In a hearing Wednesday morning outside the jury's presence, prosecutors and defense attorneys argued over fine points of jury instructions and the implications of a hung jury in this phase. Prosecutors want a mistrial declared if the jury does not agree unanimously, which could mean a new trial with a new jury. Defense attorneys argued that result should end the trial with a sentence of life in prison. U.S. District Judge Leonie Brinkema appeared to lean toward the defense argument, but did not immediately resolve the issue.
To win eligibility for the death penalty, prosecutors must prove that Moussaoui's actions resulted in at least one death on Sept. 11.
According to Tuesday's testimony, Moussaoui offered in February during a jailhouse meeting with prosecutors to testify for the government that he planned to hijack and pilot a fifth plane on Sept. 11.
FBI agent James Fitzgerald testified that Moussaoui told him — in a meeting requested by the defendant — that he did not want to die behind bars and it was "different to die in a battle ... than in a jail on a toilet."
Moussaoui dropped his effort to testify for prosecutors after he learned that he had an absolute right to testify in his own defense.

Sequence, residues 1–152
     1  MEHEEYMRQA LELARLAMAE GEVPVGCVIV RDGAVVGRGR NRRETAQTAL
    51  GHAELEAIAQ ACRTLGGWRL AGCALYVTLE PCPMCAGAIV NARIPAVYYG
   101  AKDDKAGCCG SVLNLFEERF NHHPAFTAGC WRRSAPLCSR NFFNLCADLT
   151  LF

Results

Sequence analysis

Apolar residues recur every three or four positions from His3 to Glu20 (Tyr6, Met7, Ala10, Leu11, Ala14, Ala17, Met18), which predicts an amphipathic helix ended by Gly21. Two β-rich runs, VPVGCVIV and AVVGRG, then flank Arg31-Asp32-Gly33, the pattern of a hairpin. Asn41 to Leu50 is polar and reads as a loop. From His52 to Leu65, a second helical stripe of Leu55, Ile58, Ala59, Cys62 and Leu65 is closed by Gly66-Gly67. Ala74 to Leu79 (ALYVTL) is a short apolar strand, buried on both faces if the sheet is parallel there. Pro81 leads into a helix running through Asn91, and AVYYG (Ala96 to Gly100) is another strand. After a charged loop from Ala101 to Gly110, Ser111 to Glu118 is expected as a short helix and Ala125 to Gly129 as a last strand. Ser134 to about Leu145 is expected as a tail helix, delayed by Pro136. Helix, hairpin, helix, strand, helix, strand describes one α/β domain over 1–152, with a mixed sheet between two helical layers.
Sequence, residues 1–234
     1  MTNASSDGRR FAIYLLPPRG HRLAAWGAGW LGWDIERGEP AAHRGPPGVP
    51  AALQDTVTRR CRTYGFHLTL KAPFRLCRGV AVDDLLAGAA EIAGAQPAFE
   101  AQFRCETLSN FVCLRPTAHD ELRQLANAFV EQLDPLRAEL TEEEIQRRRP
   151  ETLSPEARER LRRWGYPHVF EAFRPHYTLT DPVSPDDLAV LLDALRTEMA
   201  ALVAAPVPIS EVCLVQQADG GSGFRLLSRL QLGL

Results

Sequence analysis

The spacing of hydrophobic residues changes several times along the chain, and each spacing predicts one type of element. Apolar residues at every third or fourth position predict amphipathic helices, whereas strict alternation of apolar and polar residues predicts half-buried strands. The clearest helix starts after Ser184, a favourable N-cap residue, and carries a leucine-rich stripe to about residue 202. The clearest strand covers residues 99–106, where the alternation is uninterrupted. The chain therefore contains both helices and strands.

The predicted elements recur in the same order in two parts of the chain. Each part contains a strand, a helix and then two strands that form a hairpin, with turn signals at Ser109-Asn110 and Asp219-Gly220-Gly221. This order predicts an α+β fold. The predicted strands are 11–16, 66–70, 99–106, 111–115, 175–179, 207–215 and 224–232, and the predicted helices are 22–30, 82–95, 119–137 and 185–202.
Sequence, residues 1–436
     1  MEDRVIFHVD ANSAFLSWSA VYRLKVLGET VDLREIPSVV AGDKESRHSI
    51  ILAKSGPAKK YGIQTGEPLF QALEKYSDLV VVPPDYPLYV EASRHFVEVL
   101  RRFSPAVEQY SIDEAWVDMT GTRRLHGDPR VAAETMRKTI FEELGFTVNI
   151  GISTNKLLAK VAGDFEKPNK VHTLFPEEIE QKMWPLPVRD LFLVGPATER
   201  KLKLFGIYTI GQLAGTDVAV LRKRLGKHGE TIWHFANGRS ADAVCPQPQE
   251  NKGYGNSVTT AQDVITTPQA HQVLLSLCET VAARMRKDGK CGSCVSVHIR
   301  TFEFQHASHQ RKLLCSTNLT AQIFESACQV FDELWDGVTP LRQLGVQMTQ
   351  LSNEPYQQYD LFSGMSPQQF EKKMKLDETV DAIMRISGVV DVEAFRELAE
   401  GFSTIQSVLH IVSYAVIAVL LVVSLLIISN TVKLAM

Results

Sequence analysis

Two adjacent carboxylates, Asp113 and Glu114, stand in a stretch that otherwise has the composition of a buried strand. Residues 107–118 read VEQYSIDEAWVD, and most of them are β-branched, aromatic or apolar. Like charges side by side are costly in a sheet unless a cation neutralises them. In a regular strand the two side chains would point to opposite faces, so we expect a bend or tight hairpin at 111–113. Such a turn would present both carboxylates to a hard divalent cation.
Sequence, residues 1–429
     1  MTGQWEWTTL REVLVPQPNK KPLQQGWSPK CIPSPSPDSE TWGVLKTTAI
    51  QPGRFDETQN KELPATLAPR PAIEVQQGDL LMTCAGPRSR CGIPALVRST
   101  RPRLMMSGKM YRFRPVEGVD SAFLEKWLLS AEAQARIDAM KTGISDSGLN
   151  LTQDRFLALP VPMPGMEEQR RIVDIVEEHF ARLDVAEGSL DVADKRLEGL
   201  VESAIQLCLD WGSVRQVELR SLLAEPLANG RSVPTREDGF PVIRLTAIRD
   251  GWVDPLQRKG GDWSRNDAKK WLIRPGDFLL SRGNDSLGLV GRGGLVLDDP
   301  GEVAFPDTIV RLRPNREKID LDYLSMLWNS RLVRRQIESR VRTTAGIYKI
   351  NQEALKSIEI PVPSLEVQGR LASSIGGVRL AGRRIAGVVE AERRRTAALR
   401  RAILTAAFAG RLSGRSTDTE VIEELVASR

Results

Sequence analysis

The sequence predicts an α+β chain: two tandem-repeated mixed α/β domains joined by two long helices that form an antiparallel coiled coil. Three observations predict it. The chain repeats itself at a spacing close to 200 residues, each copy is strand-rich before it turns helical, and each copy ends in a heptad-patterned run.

On Monday, he stunned the court by asserting publicly for the first time that he was to fly a 747 jetliner into the White House on Sept. 11, despite having claimed for three years that he had no role in the plot. Instead, he had said he was to be part of a possible later attack.
The February meeting with the prosecution was to have been off the record but was ruled admissible after the defense introduced a partial transcript of Moussaoui's guilty plea last April.
In that 2005 pleading, Moussaoui said, "Everybody knows that I'm not 9/11 material" and that Sept. 11 "is not my conspiracy." He said he was going to attack the White House if the United States did not release radical Egyptian cleric Omar Abdel Rahman, imprisoned for other terrorist crimes.
The defense on Tuesday also presented evidence from two high-ranking Al Qaeda operatives that cast doubt on Moussaoui's claim of involvement in 9/11.
Their testimony supports that of another top Al Qaeda captive, Khalid Shaikh Mohammed, chief organizer of the Sept. 11 attacks. He said in testimony read in court Monday that Moussaoui had nothing to do with the Sept. 11 plot, but was to have been part of a later wave of attacks.
Prosecutors argue that if Moussaoui had revealed his Al Qaeda membership and his plans to hijack an aircraft, the FBI could have pursued leads that would have allowed them to track down most of the 9/11 hijackers and thwart or at least minimize the attacks.
The defense argues that nothing Moussaoui might have said would have made a difference because the FBI and other government agencies were consistently ignoring warnings prior to 9/11 that an attack was imminent.
The defense also argues that it's legally irrelevant to speculate on what might have happened if Moussaoui confessed, because Moussaoui always enjoyed a constitutional protection against self-incrimination.
The Associated Press contributed to this report.